with Chef Morou Outtara of Farrah Olivia by Will Blunt
February 2007

Will Blunt: Tell me about your restaurant, your concept, and how it all came together.
Morou Outtara: It’s every chef’s dream to have his own restaurant, and I was always taught that what you do best is what you know. I grew up eating African cuisine until I moved to this country at 22, then I learned to do American cuisine. So I wanted to create a restaurant that would blend both of them in a sophisticated way. We’re doing what we call “Creative American Cuisine.” We want the exact same thing to show in the restaurant. When you walk in it is American, then when you look closer, we have coconut rings hanging from the ceiling and animal print behind the bar – African touches, but not in your face.

WB: Congratulations, it’s a beautiful restaurant. And the dinner was seamless – how did you pull it off? What are your tricks?
MO: When you have a dish that has 4-5 things on it, you have to make sure that the line cook is not taking care of more than 2 at a time for each dish on his station. Check the sauces at 5pm so you know they’re amazing; check the potatoes and season ahead of time; make sure each element is perfected and in order. At the end of the day, a dish is going to be at least 95% great if you ensure ahead of time that everything is in order. You can apply the same theory to large parties. It helps that my background is from a big restaurant. At Signatures I used to do 400 covers a night, including a 75-seat private dining room. The biggest thing is making sure everything is ready by a certain time.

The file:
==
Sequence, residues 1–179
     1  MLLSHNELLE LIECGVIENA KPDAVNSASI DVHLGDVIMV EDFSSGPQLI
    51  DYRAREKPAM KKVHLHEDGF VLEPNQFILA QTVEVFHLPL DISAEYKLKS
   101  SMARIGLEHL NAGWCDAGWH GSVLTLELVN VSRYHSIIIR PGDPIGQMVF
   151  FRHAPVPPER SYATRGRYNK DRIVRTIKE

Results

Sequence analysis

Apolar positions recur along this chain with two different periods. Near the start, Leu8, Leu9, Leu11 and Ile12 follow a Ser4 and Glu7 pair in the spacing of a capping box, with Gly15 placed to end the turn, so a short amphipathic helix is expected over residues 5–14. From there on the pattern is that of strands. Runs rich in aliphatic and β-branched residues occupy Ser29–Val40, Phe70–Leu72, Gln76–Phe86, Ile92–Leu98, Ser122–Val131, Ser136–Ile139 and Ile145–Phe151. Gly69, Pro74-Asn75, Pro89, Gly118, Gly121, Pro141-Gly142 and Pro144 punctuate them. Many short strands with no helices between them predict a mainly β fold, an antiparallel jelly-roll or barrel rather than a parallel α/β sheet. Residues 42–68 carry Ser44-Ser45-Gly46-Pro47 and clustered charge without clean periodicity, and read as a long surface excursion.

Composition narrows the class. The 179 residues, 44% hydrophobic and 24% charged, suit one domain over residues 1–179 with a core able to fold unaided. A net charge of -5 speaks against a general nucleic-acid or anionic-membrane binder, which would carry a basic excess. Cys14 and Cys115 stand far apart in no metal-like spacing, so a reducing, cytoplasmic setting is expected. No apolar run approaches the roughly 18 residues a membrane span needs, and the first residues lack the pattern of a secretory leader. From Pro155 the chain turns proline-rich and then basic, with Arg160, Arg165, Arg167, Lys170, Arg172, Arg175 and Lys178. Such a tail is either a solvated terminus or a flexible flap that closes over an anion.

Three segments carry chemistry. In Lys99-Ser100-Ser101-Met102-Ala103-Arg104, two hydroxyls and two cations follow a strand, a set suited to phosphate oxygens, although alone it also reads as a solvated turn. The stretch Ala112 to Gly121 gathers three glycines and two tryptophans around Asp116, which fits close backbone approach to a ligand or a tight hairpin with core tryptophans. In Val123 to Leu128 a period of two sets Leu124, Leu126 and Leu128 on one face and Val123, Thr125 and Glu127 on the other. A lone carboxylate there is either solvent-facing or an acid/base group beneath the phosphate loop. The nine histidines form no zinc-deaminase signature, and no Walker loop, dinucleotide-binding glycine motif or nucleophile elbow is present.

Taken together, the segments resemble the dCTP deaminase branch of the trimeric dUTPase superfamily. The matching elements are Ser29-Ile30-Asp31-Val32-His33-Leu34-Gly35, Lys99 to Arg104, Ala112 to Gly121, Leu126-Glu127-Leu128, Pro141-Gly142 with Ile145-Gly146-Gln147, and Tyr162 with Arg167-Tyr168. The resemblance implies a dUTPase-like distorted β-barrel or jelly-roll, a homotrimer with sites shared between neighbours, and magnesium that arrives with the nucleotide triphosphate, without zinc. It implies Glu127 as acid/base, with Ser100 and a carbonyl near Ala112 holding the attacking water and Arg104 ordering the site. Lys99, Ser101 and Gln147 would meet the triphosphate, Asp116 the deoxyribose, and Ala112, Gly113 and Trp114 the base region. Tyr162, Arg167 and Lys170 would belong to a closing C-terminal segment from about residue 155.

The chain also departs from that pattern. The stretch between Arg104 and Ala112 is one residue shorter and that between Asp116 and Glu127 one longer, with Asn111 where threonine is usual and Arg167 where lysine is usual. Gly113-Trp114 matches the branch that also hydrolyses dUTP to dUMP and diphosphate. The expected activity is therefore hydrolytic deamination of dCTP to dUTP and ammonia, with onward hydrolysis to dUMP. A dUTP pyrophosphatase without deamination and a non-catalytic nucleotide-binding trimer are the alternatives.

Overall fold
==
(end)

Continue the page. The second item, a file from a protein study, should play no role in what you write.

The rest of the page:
WB: How many covers can you do at Farrah Olivia?
MO: We seat 65, so the maximum is usually 135.

WB: What about all the various ingredients – how did you conceive the menu?
MO: We were less than a month old at the time of the dinner, and the audience was filled with mentor chefs. We wanted to introduce our menu, and this was a great opportunity! Some dishes were different – none of the amuses are on the menu, neither is venison – but everything else is a good representative of our menu.

WB: How long did it take to get the restaurant together?
MO: We wanted to build a restaurant on an existing space so we wouldn’t have to do much to the kitchen, just the dining room. We signed a lease June 1 and we opened the restaurant November 7. We got our contractor on August 20, so we were behind schedule already…Grizform Design Architects designed the space with the help of Heather, my wife. The restaurant is named after my child, so we decided to put some of her pictures around. So really we just had to design the space to fit the cuisine. I wanted the African items to be visible but not quite in your face.

WB: How did you design the kitchen?
MO: We didn’t do much at all. The kitchen was there, we just had to make sure that all the units worked – the walk in, the ovens, the steamers.

WB: Did you splurge on anything?
MO: Not so much – we worked with what was there. But I did put in the spice rack – that was my one big project that I did all by myself. I added another freezer unit for the pastry department, and also a salad and appetizer prep station. And the dishwashers are new, of course.


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